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Advanced Audio Recording

Physical Modeling with DSPs

Physical modeling currently is a big subject in engineering. One the one hand, it might be used for simulating mechanical or electronical behavior to analyze such systems optimize surrounding components to cooperate with such systems. Electronic circuits like e.g. PLCs which are often used to control electromechanical systems, can be tested with the HIL (hardware in the loop) concept, since they run in real time (up to a given speed limit). Various test cases and the behavior of the environment or the user are applied and the response of the system is simulated.

Typically, such HIL systems for real time simulation and emulation are created with micro processor units or digital signal processors. For example, a current DSP operating at 80MHz performs a classic 2nd order differential equation which describes a sinus oscillation in about 1us because it needs more than 100 clock cycles for RAM access, wait states, summation, multiplication and storing the three basic parameters position, speed and acceleration. For an appropriate real time operation, around 100 kHz of sample frequency are used to model a 10-20kHz bandwidth system correctly enough to simulate a regulator's behavior which is controlling this system. More than 10 such equations can be solved without exceeding the real time border.


Apart from simulating circuits for analysis, physical modeling can be used to generate output of such systems by intention. Physical models of electrical circuits are used to perform virtual analog modeling of old music synthesizers. Now, this page shows how virtual analog modeling can be used for sound synthesis in modern musical instruments:


A Virtual Analog Synthesizer

The technique of VA synthesis is a known concept for nowadays' music synthesizers which initially worked with electrical circuits. Since sound synthesis requires "only" 44100 samples per seconds to go with audio CD productions, DSP based devices appear suitable to generate all the required information for VCOs, LFOs, modulators, filters and modifiers to produce virtual analog sound.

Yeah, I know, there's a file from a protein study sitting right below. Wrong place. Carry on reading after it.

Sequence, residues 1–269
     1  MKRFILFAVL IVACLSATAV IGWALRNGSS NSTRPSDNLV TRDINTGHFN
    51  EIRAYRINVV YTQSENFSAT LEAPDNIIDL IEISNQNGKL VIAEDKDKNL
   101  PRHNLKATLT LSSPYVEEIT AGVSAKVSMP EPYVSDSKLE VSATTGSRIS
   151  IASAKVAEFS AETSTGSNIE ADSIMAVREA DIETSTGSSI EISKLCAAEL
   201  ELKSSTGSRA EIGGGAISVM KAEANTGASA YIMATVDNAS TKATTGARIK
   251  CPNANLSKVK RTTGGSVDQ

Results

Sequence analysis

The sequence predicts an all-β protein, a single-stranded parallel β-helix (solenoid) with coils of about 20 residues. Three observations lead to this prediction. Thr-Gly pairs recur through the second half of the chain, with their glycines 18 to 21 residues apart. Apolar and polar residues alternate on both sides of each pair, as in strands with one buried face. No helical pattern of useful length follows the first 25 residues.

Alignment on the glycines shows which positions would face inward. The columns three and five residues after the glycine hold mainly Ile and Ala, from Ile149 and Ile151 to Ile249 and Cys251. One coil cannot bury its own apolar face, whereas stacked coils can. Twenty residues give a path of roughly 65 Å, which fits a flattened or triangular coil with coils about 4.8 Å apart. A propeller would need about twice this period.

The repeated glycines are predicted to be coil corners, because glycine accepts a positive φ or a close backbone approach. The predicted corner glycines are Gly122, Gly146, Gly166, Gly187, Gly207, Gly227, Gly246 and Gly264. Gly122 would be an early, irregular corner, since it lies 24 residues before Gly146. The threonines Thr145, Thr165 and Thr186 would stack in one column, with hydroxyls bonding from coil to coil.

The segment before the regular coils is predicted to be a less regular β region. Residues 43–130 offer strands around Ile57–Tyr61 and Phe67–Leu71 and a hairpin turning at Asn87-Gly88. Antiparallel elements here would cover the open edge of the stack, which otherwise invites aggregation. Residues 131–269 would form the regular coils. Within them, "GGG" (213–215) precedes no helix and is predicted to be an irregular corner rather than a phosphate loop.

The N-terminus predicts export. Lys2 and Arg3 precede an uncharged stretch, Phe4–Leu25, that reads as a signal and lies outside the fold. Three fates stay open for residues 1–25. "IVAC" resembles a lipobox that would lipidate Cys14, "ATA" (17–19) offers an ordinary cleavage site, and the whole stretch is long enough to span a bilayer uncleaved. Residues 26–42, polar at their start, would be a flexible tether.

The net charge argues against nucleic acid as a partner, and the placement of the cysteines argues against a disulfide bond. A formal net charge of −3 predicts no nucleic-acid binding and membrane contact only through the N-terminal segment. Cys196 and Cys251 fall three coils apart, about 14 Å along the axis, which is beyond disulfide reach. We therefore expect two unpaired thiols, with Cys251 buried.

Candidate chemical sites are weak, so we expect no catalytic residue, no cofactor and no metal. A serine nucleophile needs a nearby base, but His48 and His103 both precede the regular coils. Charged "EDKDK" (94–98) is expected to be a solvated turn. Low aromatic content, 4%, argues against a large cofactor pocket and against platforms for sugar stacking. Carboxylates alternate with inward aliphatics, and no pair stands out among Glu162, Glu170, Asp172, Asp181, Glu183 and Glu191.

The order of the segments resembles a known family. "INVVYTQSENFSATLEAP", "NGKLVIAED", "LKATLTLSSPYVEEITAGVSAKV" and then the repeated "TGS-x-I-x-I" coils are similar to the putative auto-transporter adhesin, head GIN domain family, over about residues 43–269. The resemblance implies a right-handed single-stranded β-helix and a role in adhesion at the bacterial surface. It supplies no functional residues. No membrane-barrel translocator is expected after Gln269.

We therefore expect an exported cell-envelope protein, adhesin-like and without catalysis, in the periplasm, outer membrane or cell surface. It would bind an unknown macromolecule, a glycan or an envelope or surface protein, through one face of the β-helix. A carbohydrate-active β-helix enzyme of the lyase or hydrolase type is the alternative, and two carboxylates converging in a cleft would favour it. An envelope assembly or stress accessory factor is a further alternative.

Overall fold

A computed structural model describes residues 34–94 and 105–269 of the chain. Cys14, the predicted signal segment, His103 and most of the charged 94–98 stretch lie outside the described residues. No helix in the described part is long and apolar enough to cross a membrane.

My first approach of a VA-Synthesizer was done in 1998 with a TMS320-System from Texas Instruments formerly used for video applications.


Basic algorithms were introduced to generate some VCOs (which are NCOs in numerical systems of course), some LFOs and some filtering to tweak and manipulate the voices. The first synth on the TMS-platform had 32 voices with 2 Oscillators and 2 LFOs per channel, some global filtering, compressing and limiting. Oscillators were DDS like controlled from the outside. All operated in 16 bit in C language.


pSpice Shematic of the electrical oscillator for SST

Afterwards, algorithms had been transported to 24 bit being more compatible to the digital audio standard using Motorola's DSP 56301 digital signal processor. The system was simply doubled, having 64 voices now. Getting it more complex exceeded the operation speed, so the number of voices were reduced to 16 again, having 4 LFOs and 4 oscillators per channel, and some better filters instead. Filtering is essential for digital sound synthesis, otherwise it will sound boring. The big difference were the oscillators: Unlike with the TMS, all OSCs were self oscillating like a mechanical system with acceleration and damping parameters and a well defined energy loss. Rather than controlling the oscillators' phase from a pointer like with DDS circuits, the OCSs were fed by virtual energy increasing both phase and amplitude which leads to a more natural behavior. The DSP 56301 and it's successors are widely used in digital audio processing.


A DSP 56302 is used to test some new algorithms:


DSP Kit for Virtual Analog Modelling

Read more about the DSP 56302 board HERE.


Virtual Musical Instruments

Read more about that in this article Limits of VA-Modeling.



© 2002 Jürgen Schuhmacher